2020 was first time in history Gee-Gees won both games
The historic rivalry between the University of Ottawa Gee-Gees and cross-town rival Carleton University Ravens has forever been the pinnacle of university sports in Canada’s capital.
May it be on the field, the ice or the court, the competition is fierce. Students from both institutions flood OC Transpo’s busses and LRTs to cheer on their classmates and walk away with bragging rights.
In recent years, Capital Hoops fever has grown immensely. And on Feb. 7, 2020, for the first time since its inception in 2007, the Gee-Gees won both games.
For the one year anniversary, the Fulcrum spoke with representatives of both the women’s and the men’s basketball teams to relive the historical night.
The women took to the court first at TD Place arena and after the first 10 minutes, the Ravens led 18-12. A big second quarter push from the Gee-Gees cut the deficit to three.
Looking back on the game, head coach Andy Sparks admits his side didn’t start off on the strongest foot. The key, however, was the Gee-Gees veteran experience.
“I don’t think we played our best game from a defensive perspective, certainly,” said Sparks. “But we did have some veteran players. Angela Ribarich, obviously stepped up.”
The senior at the time, who now plays professionally in Denmark, had a game-high 24 points and helped the Gee-Gees claim back-to-back titles with a 77-75 win.
As the clock wore down, former player Tyra Blizzard mentioned that the ability to stay calm helped the Gee-Gees come out on top.
“A calmness [came] among all of us once the final two-minute mark hit. We could have easily become frantic and allowed our anxiety to take over, but we all collectively relaxed our shoulders and trusted each other,” she said. “It felt amazing to win the title with my amazing teammates, especially as a fifth year player.”
Another key factor in the victory was the crowd. In previous years, Capital Hoops had been held at the Canadian Tire Centre, but in 2020 it was held at TD Place which holds less spectators but creates a “pretty phenomenal” atmosphere.
“Often what happens [in the] first half of our games, the crowd’s really just arriving,” said Sparks.
“By the second half, everybody’s in and I think that the game had so many ebbs and flows to it that the crowd really got involved in it and probably set up our men’s game really well with the excitement level that our game finished with.”
And it did. After the first U of O victory, the men’s game saw the atmosphere fill with double the energy as more students piled and filled the garnet and grey seats.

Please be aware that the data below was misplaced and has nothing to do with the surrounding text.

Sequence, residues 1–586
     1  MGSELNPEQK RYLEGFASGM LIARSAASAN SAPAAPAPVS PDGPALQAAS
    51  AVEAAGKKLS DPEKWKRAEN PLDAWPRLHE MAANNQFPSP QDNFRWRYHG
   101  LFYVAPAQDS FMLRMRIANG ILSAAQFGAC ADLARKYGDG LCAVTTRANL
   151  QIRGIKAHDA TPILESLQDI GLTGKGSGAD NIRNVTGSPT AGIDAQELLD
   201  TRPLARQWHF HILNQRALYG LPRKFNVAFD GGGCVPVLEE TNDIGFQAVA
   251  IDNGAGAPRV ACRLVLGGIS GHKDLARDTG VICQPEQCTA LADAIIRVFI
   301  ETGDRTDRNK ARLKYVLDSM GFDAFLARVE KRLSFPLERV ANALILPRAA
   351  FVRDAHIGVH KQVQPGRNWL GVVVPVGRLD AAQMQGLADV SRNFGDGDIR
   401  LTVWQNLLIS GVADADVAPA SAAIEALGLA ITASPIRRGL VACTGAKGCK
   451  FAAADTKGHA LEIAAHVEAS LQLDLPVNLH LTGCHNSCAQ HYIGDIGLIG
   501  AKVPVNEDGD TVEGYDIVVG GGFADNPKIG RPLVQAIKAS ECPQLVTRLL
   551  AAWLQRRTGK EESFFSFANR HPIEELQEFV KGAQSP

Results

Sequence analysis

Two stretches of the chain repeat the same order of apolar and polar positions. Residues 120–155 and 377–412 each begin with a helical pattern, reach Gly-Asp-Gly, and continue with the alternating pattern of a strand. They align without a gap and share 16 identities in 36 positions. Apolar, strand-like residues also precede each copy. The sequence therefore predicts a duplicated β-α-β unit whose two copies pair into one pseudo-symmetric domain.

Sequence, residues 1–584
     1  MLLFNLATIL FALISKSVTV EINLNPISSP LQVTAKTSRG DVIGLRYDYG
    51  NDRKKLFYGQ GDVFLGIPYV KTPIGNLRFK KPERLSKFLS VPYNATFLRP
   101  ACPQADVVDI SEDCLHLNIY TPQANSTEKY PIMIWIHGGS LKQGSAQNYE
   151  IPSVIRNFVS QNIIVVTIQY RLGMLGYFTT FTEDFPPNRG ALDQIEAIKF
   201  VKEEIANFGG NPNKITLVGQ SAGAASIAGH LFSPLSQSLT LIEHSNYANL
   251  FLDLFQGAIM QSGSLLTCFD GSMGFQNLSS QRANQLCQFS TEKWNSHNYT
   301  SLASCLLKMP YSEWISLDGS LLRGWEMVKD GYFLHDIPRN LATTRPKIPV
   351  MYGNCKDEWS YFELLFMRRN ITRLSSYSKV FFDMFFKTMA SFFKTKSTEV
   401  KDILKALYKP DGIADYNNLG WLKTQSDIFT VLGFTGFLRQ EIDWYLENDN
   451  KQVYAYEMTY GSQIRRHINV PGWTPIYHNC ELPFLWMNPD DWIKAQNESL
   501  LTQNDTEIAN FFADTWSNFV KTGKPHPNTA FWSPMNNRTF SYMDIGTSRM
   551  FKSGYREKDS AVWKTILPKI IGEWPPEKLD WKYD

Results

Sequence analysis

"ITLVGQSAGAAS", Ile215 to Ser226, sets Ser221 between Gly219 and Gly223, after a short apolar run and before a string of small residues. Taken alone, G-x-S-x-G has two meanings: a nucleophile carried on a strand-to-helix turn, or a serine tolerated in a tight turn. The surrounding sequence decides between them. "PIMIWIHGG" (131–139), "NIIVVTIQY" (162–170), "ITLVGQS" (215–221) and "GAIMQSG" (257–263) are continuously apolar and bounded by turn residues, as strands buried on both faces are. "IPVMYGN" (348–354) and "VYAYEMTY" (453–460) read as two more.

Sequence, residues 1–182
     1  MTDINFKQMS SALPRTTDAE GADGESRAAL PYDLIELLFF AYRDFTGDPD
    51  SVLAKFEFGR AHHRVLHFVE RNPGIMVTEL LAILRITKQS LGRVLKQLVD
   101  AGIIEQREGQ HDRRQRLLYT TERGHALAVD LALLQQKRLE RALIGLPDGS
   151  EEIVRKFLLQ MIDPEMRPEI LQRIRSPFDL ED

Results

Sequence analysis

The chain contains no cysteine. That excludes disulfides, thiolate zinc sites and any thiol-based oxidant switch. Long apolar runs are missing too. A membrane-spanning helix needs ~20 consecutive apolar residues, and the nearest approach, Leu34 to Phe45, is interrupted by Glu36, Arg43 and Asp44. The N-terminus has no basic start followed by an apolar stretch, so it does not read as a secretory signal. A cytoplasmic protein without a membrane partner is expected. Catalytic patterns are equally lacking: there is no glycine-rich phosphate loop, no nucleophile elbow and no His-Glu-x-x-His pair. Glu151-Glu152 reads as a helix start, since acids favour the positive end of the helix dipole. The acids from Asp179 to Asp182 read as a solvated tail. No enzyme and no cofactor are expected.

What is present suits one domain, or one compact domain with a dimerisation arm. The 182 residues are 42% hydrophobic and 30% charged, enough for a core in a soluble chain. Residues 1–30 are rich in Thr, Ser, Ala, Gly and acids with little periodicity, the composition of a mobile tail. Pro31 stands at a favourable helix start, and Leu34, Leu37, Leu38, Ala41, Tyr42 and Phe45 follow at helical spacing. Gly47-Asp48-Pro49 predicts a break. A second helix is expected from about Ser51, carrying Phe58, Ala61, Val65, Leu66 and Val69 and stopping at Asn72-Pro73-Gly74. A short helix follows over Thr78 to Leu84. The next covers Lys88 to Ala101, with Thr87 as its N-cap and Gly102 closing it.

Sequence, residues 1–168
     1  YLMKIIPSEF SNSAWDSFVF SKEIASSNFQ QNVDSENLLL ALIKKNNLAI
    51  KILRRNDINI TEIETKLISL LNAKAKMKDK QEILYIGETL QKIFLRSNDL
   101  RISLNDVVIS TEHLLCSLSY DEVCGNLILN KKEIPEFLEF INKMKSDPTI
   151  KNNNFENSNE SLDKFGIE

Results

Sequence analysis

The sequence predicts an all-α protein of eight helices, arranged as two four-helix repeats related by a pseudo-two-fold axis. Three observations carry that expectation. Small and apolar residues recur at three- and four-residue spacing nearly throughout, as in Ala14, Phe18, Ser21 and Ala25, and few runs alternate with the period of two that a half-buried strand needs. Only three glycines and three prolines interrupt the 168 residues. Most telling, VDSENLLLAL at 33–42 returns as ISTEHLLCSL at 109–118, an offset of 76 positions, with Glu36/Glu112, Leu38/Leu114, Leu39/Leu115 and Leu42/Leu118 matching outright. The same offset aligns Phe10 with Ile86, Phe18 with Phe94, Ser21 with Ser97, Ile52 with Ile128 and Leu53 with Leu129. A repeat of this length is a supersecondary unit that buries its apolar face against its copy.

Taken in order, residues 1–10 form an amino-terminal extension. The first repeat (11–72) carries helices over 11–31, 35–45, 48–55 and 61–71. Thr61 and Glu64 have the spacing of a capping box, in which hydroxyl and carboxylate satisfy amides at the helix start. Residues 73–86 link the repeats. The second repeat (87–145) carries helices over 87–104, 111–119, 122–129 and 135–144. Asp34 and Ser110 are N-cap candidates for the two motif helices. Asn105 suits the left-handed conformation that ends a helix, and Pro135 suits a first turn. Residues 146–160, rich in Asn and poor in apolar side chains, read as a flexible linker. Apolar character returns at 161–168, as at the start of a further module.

But before hitting the court, head coach James Derouin emphasized the wide range of emotions felt by his team before facing off with their arch rivals.
“We play 22 league games a season and you try your best to make it as routine and keep everything the same and tell your players, ‘It’s just a league game’ but it reaches a point where everyone knows that it’s not just another game,” he said.
“There’s an anxiety just playing Carleton on a regular night [which is] good enough to get you excited. Leading up to it, you just do your best to try to keep the players level.”
“You have to really talk about the crowd and the stadium and the rivalry and then work backwards in terms of making sure everyone’s just calm and ready to perform, despite all the distractions.”
Former player Calvin Epistola, was playing in his last Capital Hoops as a senior, he remembers the atmosphere as one of a kind.
“The amount of people, the amount of noise, the lights, everything that just came with it was amazing,” he said. “Truly nothing compares to it. I remember going to the national finals at the same venue and even the game we had against Carleton was a lot more lively than that.”
Right from tipoff the men’s game went back and forth all night and at halftime the scoreboard read 34-34.
As the clock counted down, the crowd grew anxious as both teams battled on. The turning point for the Gee-Gees was when they limited the Ravens to just 10 points in the third.
The Ravens made a big push in the fourth and with just seven seconds left, Carleton led by one. That was until Epistola was fouled and stepped up to the line to bank two free throws and make it 68-67 for Ottawa.
In the dying moments, the Ravens had time for one more play and had a man advantage after a Gee-Gees player was tripped up. Both benches looked on in awe as the ball bounced in and out of the hands of the Ravens as they tried for not one, but three rebound attempts. It didn’t fall.
The reflexes from Guillaume Pépin then went on to save the Gee Gees as he regained possession and secured Ottawa’s first Capital Hoops victory in four years and handed Carleton their only loss of the season.
“It came right down to the final play. And I can tell you I couldn’t hear anything … I felt with the time running down that we were in a good spot to win the game,” said Derouin.
[But] when I saw Marcus (Anderson) get it, I was like, ‘Wow, we’re gonna lose at the buzzer … point blank, after such a great game.’ And sure enough, that ball bounced on the rim three or four times. To this day, I have no idea how it didn’t go in.”
[They were] a foot from the basket, standing under the basket, you couldn’t get any closer and that’s just the way that night went.There’s nothing strategic, there’s nothing to explain how what happened. It’s just maybe a little bit of fate, maybe a little bit of luck.”
While the university waits for student athletes to return to action, both Sparks and Derouin are confident that the performances from last year’s event will have an impact on the future.
“They were both obviously awesome games for University of Ottawa, but I think just for basketball in general in Ottawa,” said Sparks.
“The entire basketball community finds a way to get to that game and that’s what makes it just so awesome,” added Derouin. [On] a special night, we were able to get a win.”